Cory was one of the men wounded the same night that Rob died.October 1, 2009, on his tenth deployment in the Middle East in support of OIF/OEF (Operation Iraqi Freedom/Operation Enduring Freedom), Cory found himself in Afghanistan. Along with the seven other members of his unit, Cory was injured when an improvised explosive device (IED) was set off on the side of the road they were traveling. Several other Rangers in Cory’s unit were injured, he and 2 others being critically wounded.
The explosion threw Cory into a canal, face down in a pool of water with a penetrating head wound. Due to the heroic actions of his fellow Rangers, Cory was rescued and rendered immediate life-saving medical care. He was taken by helicopter to Kandahar Air Base, then to Bagram Airfield, where he had surgery on his most serious injuries. Cory then spent two weeks at the Landstuhl Regional Medical Center in Germany for further life saving medical treatment. On October 16, 2009, Cory was transported to Bethesda Naval Hospital where he spent the next two weeks in the intensive care unit.
When Cory came out of his coma he couldn’t talk, and he couldn’t walk. Cory is still an Airborne Ranger and he has been an amazing example of what the means. Since the day he came out of his coma Cory has worked each and every day towards his ultimate goal of living independently again. Cory did a lot of his rehab at Casa Colina in Pomona, Ca, about 15-20minutes from my house. It gave my brother and I the opportunity to see him during his rehab. In January of 2012, the first time I really got to hang out with him since he was injured, it was challenging to understand what he was saying, but I knew Cory was there. A few months later I got the chance to see him again and there was dramatic improvement in his ability to speak clearly. Against the odds, he was fighting towards his goal and making progress. Many people cower in the face of adversity and he drives towards it, faces it head on, and kicks its fucking ass. In April of this year my brother and I went to see Cory for the last time before he moved to his own place in Arizona, where he is from. One of the coolest things I have seen in my life was when he stood up on his own to take a picture with us. Basically, Cory lets everyone in the world know that there are no excuses when working towards their goals.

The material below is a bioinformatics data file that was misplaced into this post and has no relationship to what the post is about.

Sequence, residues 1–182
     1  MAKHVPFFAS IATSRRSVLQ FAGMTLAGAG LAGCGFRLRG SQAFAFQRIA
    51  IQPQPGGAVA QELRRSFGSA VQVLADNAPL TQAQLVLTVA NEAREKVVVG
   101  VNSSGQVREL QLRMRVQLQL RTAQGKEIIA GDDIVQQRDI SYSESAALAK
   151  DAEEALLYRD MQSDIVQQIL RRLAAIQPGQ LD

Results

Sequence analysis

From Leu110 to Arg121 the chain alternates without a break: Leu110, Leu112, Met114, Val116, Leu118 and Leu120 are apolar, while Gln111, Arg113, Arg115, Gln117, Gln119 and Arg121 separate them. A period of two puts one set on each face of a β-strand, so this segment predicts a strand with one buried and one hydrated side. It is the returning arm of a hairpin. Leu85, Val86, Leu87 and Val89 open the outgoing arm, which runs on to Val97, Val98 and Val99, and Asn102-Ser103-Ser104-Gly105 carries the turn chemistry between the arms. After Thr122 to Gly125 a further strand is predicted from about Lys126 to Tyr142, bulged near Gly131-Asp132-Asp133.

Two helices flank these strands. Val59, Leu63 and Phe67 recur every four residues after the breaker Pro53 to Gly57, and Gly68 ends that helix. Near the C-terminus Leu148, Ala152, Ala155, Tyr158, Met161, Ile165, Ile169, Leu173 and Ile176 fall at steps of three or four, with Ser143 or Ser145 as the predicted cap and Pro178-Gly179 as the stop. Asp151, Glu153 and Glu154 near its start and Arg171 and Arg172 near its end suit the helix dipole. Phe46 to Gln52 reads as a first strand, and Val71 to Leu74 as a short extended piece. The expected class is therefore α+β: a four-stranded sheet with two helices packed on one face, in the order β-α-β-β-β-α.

Excuses are a defense mechanism that human being provide themselves with so that they are comfortable with failure. I used to do it all the time, and I still practice avoiding excuses every day. The inspirational lighting bolts that I was hit with for a few years didn’t even register in my brain until a year or so ago. Life is funny like that. THERE IS NO QUIT isn’t a mindset that I created by any means. I just thought of it as a name for my business because I wanted to send a message to people that when they come in and tell me their goals I will do everything in my power to help them reach them. The mindset itself, for me anyways, was inspired by all of the people that I have talked about in this post and the life experiences I have had up to this point. You should know that in your life you will face tough times, but what you do in those times will determine who you are. You can accept and understand that you, like each and every person I have talked about, have the ability to stand up for what you believe in and chase your dreams. You have the ability to tell the doubters and the negative people in your life to go fuck themselves. You need to believe in your goals as much as I believe in your ability to achieve them. One of the things that makes the people that inspire me so great is that they will tell me that anyone can do what they have done. That is true, to a point. Everyone on earth has the potential to work hard, believe in themselves, be honest with themselves, and never give up, but not everyone believes that they have the ability to choose to do those things. THERE IS NO QUIT is a mindset, not a gym, it is a belief in yourself, it is a belief in those around you. It is helping lift up the person next to you, it is being open minded and patient. It is loving everyone around you because life is tough for everyone, no matter what they do or say, that is just the way it is. We can either go at it alone or we can come together and help each other to understand that we are all capable of amazing things, mentally, physically, and as human beings. You have the power to do great things. I believe in you. Ask yourself what inspires you and what that inspiration means, and when the time is right, you will understand it, and it will take you wherever you want to go. EVERYBODY LOVE EVERYBODY
I am not a great man, but I have known many great men and I try to follow in their footsteps as best I can. This is dedicated to my brother, to Robert Sanchez, to Cory Remsburg, every Ranger past and present, and everyone that has ever stood up in the face adversity and not let it stop them from moving forward. THERE IS NO QUIT IN LIFE.